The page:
New Lesson! Mirror Magic - Visual Effects Illusions of Light and Reflection

Mark Sawicki shares illusions for filmmakers with reflection and light: clever camera tricks using the unique properties of special mirrors.

Mar 30, 2013


by Jeff Dixon

To watch the FREE lesson preview, simply click on the player above. Check out the Full Lesson page HERE.

If you’re a fan of special effects at all (and my guess is that if you’re reading this blog, you are), you will truly appreciate this week’s lesson.  MIRROR MAGIC - VISUAL EFFECTS USING REFLECTIONS is a unique and specialized look at the use of mirrors in trick photography.  The methods presented here are steeped in history and have been used on stage and screen alike for ages.  These are techniques that I feel haven’t really been presented before like this in a basic how-to lesson, and who better to lead this journey than VFX veteran Mark Sawicki.

Pictured above: Mark Sawicki's lesson on in-camera visual effects using mirrors.


As with anything, to best understand something, it’s best to know where it came from.  So to begin, Mark takes you through a brief history lesson on trick photography using mirrors.  He discusses the pioneer processes, such as the Dircksian Phantasmagoria and the Pepper’s Ghost techniques.  These were mainly used on stage to trick audiences into seeing things that weren’t actually there.  In fact, these are the same types of techniques that magicians use on stage still today, just in a much grander way.

Pictured above: The man, Eugene Shüfftan with camera at the ready.

Continuing on, he talks about how these techniques eventually translated to film.  Citing movies such as METROPOLIS, THE 39 STEPS, and even DARBY O'GILL AND THE LITTLE PEOPLE, Mark explains all about the Schufftan Process, a way of using a mirror to project miniatures along with the actors at the same time.  The great thing is, all of these historical techniques he discusses, he recreates here in this lesson.

Pictured above: DARBY O'GILL & THE LITTLE PEOPLE employs a mirror and 2 live-action simultaneous scenes TOGETHER in-camera.


Before he starts any technique, he gives lessons on how to light for a mirror effect scene, how to dress a set for a mirror effect scene (paying specific attention to the fact that things are reversed in a mirror), and even how to direct actors for a mirror effect scene.  It’s this latter part that some of the potential directors out there might be interested in.  Mark is a character in himself and the way he works with his actresses is light and fun.

Pictured above: Mark demonstrates the use of a cucoloris to break up a hard light into patterns and shadows.

IN CAMERA EFFECTS: PART 1 - Schüfftan's 4th Dimension

First up is the Schüfftan 4th Dimension technique.  Here, Mark places an straight, front surface mirror at an angle to block out a section.  When you look through the camera, it looks like a continuous wall.  He then has actors behind the blocked out mirror “pull” an actress into the “netherworld.”  It’s essentially a split screen technique that still works great, and better yet, it’s all done in camera.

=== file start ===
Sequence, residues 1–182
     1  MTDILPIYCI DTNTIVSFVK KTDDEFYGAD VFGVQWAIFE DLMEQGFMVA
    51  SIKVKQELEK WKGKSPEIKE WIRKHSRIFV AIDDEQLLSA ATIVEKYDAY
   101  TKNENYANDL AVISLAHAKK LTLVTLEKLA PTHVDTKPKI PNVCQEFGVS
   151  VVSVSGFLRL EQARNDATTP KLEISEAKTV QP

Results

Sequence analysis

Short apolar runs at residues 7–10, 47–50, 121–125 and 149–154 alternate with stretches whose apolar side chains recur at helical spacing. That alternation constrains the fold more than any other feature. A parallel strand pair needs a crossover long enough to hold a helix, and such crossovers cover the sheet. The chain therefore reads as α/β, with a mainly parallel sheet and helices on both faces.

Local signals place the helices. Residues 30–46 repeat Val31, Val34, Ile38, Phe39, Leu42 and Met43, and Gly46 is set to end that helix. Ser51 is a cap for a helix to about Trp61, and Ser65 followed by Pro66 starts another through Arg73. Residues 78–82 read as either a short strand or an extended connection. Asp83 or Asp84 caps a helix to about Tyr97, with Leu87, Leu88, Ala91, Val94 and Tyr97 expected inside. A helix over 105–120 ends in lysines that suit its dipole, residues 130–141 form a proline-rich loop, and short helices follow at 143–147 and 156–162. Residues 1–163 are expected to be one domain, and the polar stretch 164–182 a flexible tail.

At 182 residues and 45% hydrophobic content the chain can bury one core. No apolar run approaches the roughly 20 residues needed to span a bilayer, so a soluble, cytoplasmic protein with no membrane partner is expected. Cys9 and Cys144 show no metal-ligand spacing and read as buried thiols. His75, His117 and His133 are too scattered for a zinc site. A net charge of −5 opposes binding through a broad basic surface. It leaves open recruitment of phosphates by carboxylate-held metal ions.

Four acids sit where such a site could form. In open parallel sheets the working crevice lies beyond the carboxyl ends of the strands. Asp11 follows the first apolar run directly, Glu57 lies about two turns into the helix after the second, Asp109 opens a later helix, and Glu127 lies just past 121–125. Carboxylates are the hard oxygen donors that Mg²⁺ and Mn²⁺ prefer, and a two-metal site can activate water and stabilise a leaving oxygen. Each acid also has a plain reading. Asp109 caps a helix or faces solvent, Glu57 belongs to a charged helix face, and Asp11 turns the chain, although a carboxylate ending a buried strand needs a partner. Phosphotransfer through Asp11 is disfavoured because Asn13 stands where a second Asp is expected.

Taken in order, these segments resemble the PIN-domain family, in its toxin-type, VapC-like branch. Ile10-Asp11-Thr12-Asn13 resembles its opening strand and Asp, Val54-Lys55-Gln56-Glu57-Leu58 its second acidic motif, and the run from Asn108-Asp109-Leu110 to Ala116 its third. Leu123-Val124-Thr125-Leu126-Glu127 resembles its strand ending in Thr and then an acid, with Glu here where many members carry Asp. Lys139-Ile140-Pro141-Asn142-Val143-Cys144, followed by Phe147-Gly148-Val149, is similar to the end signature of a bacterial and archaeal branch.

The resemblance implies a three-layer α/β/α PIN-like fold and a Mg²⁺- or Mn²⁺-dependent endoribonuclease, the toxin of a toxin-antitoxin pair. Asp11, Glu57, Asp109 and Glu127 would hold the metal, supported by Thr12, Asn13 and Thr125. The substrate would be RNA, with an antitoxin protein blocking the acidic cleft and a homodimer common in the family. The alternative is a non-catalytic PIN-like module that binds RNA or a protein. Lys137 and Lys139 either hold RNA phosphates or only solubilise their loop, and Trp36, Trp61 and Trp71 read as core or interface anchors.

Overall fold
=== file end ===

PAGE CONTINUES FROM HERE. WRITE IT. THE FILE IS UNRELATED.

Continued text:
Pictured above: The final 4th Dimension effect where eerie hands grab at our hero from a void in space.

IN CAMERA EFFECTS: PART 2 - Pepper's Ghost Effect

Secondly, Mark recreates the Pepper’s Ghost effect.  This is my personal favorite of the bunch because honestly, it just works so well you’d be hard pressed to say it’s not a digitally processed post effect.  Here he uses a 50/50 Stereoscopic mirror to essentially shoot two things at once.  The camera catches the actress through the glass as well as the actress being reflected on it.  The combination creates an ethereal effect on the actress playing the “ghost,” and it really packs a punch.

Pictured above: Melissa is standing across the room from Mark and Camille. The mirror into lens places them together and makes SOMEONE an apparition.

IN CAMERA EFFECTS: PART 3 - Schüfftan's Box

Next up, Mark builds and recreates a variation of the Schüfftan box.  This is the exact same technique that was used in many of those aforementioned films.  This is a technique that uses a matte and a counter-matte, which basically is the foundation of all compositing in special effects.  In this example, by using this preocess, Mark’s able to make one actress look extremely large while the other actress is normal sized.  Combined, they work flawlessly and you can see how many of these types of effects in film are still used today.

Pictured above: A matte box with a mini gallery wall set into a mirror creates an ALICE IN WONDERLAND effect.

IN CAMERA EFFECTS: PART 4 - Schüfftan's Beam

And lastly, Mark uses a mirror to create light effects.  Specifically for this one, he creates a beam of light across an actress than in reality doesn’t exist there.  Again, it’s all done simply with a mirror.  Really basic and yet very effective.

Pictured above: Can't guess how THIS is done? Well... MIRRORS. And light. And a girl. And a camera.

All in all, this is a lesson that is both extremely simple and yet utterly effective.  The charm here is that honestly anyone can do it.  All you need is a mirror and a camera.  And I promise, after watching, you’ll want to bust out your own camera and try the techniques yourself.  Enjoy.

--Jeff Dixon

Check out the Full Lesson page HERE.

Find out about MARK SAWICKI HERE.

WATCH Mark Sawicki's tutorial on STOP-MOTION ANIMATION.